Thursday, 7 November 2013

Theatre - MOJO

One of the things I love most about living in London is the rich culture of theatre here. Nothing is more magical to me than watching actors weave a tale in front of our very eyes. With no effects or editing to hide behind, everything is instant, raw and just hits that much harder. I go to the theatre as much as I can since I've been here but have hardly blogged much about it before, if it's something you guys would be interested in, I'd love to do more of these types of posts (without any spoilers of course). 

Last week the play Mojo opened at the Harold Pinter Theatre and I was lucky enough to get seats for the Saturday of the first week of preview shows. Mojo was written in 1995 by English playwright Jez Butterworth, a black comedy about gangsters and the night club scene in the 1950s and following it's debut on stage the same year, was made into a feature film in 1997. This newest revival boasts a star studded cast including Harry Potter's Rupert Grint, Merlin's Colin Morgan, Brendan Coyle from Downtown Abbey, and Ben Whishaw most recently of Skyfall fame. 

What struck me the most is how different, even downright opposite the characters these familiar faces embody are. Each showing true versatility as actors, Rupert's portrayal of anxious, jittery Sweets bounces effectively against Daniel May's tongue-in-cheek Potts. It's an impressive stage debut for Rupert, though I can't help but notice many similar mannerisms between Sweets and Ron Weasley which could purely be coincidental but is interesting nonetheless. Meanwhile Colin Morgan brings a fierceness to bumbling Skinny and his scenes with Ben Whishaw's character Baby (yeah these really are their names) are the highlights of this play for me, their relationship hilarious, tense and action-packed. As a long time fan of Mr. Whishaw, I try not to be biased when I say this but I honestly think he puts up the strongest performance in the play. His version of Baby is a grand mixture of psychotic abruptness and comedic timing, tinged with emotional lapses. He also does some amazing singing and dancing throughout and brings a noticeably more energetic side to the character than Aidan Gillen previously did. In my opinion, this is Ben's greatest performance to date and I really hope he gets recognition for it.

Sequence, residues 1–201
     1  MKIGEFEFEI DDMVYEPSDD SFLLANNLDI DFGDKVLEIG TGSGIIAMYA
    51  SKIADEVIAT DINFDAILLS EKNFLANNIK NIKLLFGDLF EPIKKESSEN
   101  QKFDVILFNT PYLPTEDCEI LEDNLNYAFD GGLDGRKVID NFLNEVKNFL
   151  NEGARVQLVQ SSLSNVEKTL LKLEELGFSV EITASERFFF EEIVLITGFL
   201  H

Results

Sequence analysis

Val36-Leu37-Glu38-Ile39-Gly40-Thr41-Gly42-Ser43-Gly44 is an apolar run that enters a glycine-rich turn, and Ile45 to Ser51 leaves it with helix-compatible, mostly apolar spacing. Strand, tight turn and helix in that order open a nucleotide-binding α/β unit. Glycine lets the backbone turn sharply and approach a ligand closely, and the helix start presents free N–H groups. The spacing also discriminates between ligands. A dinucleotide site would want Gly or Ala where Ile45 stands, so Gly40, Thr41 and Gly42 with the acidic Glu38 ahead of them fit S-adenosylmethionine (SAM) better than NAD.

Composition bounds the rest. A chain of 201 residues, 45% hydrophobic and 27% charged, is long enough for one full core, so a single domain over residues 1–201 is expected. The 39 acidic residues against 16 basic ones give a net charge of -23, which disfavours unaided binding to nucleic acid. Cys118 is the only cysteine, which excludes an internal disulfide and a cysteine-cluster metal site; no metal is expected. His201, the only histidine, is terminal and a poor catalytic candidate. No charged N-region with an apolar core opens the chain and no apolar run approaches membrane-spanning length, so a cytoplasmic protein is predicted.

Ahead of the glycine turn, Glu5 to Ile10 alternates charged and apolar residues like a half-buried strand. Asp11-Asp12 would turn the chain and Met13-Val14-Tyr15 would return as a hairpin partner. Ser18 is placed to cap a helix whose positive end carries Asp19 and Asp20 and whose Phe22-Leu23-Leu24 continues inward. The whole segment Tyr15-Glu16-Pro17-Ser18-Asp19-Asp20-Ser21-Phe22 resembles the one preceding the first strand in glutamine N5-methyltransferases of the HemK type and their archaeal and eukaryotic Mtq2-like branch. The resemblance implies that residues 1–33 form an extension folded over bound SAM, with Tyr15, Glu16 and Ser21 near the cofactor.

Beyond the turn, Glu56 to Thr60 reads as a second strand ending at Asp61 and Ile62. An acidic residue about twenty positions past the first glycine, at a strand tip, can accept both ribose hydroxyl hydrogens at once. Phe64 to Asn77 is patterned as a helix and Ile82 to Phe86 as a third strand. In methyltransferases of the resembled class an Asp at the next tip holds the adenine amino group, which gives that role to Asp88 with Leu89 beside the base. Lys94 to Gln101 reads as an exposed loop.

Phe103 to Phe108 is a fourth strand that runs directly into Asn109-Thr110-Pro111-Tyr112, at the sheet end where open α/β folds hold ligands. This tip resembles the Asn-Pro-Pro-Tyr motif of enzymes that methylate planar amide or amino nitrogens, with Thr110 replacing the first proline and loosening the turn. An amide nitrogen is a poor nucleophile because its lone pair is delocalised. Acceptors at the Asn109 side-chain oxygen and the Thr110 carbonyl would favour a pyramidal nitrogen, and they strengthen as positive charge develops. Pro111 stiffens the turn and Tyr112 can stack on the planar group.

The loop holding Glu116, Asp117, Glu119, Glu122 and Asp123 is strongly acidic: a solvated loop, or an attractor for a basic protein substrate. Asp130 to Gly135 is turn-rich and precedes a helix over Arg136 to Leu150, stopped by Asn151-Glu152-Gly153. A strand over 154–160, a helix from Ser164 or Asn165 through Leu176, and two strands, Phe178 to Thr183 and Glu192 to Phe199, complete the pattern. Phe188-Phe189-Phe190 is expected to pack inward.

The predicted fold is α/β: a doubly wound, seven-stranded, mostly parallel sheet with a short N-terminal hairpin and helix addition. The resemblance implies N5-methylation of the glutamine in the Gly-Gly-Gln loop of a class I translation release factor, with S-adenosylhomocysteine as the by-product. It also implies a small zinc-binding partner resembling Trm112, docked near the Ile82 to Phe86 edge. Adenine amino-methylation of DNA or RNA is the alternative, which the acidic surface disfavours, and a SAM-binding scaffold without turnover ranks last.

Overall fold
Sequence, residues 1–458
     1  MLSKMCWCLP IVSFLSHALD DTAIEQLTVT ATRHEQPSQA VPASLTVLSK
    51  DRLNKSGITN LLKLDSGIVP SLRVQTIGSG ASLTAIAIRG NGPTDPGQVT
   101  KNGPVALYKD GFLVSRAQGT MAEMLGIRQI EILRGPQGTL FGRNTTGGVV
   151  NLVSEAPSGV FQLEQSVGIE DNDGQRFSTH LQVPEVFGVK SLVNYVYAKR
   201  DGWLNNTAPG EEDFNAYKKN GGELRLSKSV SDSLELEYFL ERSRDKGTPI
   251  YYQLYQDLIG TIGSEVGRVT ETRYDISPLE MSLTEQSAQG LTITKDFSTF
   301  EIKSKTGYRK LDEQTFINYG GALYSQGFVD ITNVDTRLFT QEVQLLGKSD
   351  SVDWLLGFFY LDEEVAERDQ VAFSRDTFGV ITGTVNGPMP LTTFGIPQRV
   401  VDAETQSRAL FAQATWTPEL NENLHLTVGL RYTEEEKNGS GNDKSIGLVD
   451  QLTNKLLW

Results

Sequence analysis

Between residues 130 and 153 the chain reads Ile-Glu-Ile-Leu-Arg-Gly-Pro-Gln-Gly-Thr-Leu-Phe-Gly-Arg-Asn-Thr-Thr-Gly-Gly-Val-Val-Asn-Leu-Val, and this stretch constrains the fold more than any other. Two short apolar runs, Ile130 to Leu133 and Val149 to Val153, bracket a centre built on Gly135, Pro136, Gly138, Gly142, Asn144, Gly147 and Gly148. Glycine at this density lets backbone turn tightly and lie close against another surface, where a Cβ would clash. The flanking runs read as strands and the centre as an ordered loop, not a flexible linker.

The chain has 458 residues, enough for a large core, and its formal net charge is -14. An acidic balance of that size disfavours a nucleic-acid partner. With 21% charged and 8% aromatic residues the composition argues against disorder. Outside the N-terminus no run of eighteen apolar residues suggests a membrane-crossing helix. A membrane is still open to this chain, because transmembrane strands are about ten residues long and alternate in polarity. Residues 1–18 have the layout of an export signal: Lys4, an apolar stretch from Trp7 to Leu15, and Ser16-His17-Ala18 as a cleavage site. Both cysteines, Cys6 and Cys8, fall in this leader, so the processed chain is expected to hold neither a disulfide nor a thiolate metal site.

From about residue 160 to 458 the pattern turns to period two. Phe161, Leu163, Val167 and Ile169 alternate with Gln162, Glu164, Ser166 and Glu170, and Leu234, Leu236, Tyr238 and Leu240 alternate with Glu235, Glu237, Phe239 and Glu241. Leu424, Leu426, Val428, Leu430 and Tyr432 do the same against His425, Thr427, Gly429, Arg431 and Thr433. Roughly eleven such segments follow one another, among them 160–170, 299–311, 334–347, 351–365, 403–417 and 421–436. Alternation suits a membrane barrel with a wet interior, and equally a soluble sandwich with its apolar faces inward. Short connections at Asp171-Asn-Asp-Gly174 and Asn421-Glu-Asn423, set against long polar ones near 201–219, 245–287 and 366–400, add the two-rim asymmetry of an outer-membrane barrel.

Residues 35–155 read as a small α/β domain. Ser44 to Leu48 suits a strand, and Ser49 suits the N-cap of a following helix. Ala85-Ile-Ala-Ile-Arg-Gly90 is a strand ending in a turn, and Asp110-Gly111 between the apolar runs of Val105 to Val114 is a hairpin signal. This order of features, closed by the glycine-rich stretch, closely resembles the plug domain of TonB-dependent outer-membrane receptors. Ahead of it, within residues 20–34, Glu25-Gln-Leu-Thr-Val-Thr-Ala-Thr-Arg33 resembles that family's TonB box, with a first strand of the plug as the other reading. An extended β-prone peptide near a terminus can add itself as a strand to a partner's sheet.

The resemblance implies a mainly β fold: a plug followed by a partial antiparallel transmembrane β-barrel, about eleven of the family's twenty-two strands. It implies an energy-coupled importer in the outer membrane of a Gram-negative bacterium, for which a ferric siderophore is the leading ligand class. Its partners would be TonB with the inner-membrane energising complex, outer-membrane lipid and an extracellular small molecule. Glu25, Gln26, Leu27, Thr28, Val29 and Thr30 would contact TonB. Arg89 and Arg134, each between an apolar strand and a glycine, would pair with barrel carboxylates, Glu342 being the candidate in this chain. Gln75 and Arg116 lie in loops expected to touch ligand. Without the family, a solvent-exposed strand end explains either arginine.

The plot is relatively easy to follow, essentially a murder mystery but focusing more on how the characters deal with it.  The stage sets the scene for the inside of a Soho club in 1958 and there are no mechanical props, resulting in a simple production that relies on the cast to fill the space and manoeuvre items. The play moves quickly though, a good balance of dramatic moments are interrupted with brief spells of comic relief, ensuring it never gets boring. As far as black comedies go, Mojo is not unnecessarily vulgar for the sake of it, something I find often rather irritating in many productions of this genre nowadays. Personally I would love to know more about the characters' backgrounds as a brief monologue about Baby's is all we get (which was quite intriguing in itself) and towards the end of the play I wanted a better understanding of why it is that some of them acted the way they did around the climax, but maybe I just need to watch it again to get more insight. The play runs for 2 hours and 20 minutes (including interval) and to me it felt much shorter, which is always a good sign. I thoroughly enjoyed it and already have plans to see it a second time.

Have you seen a play/musical recently?

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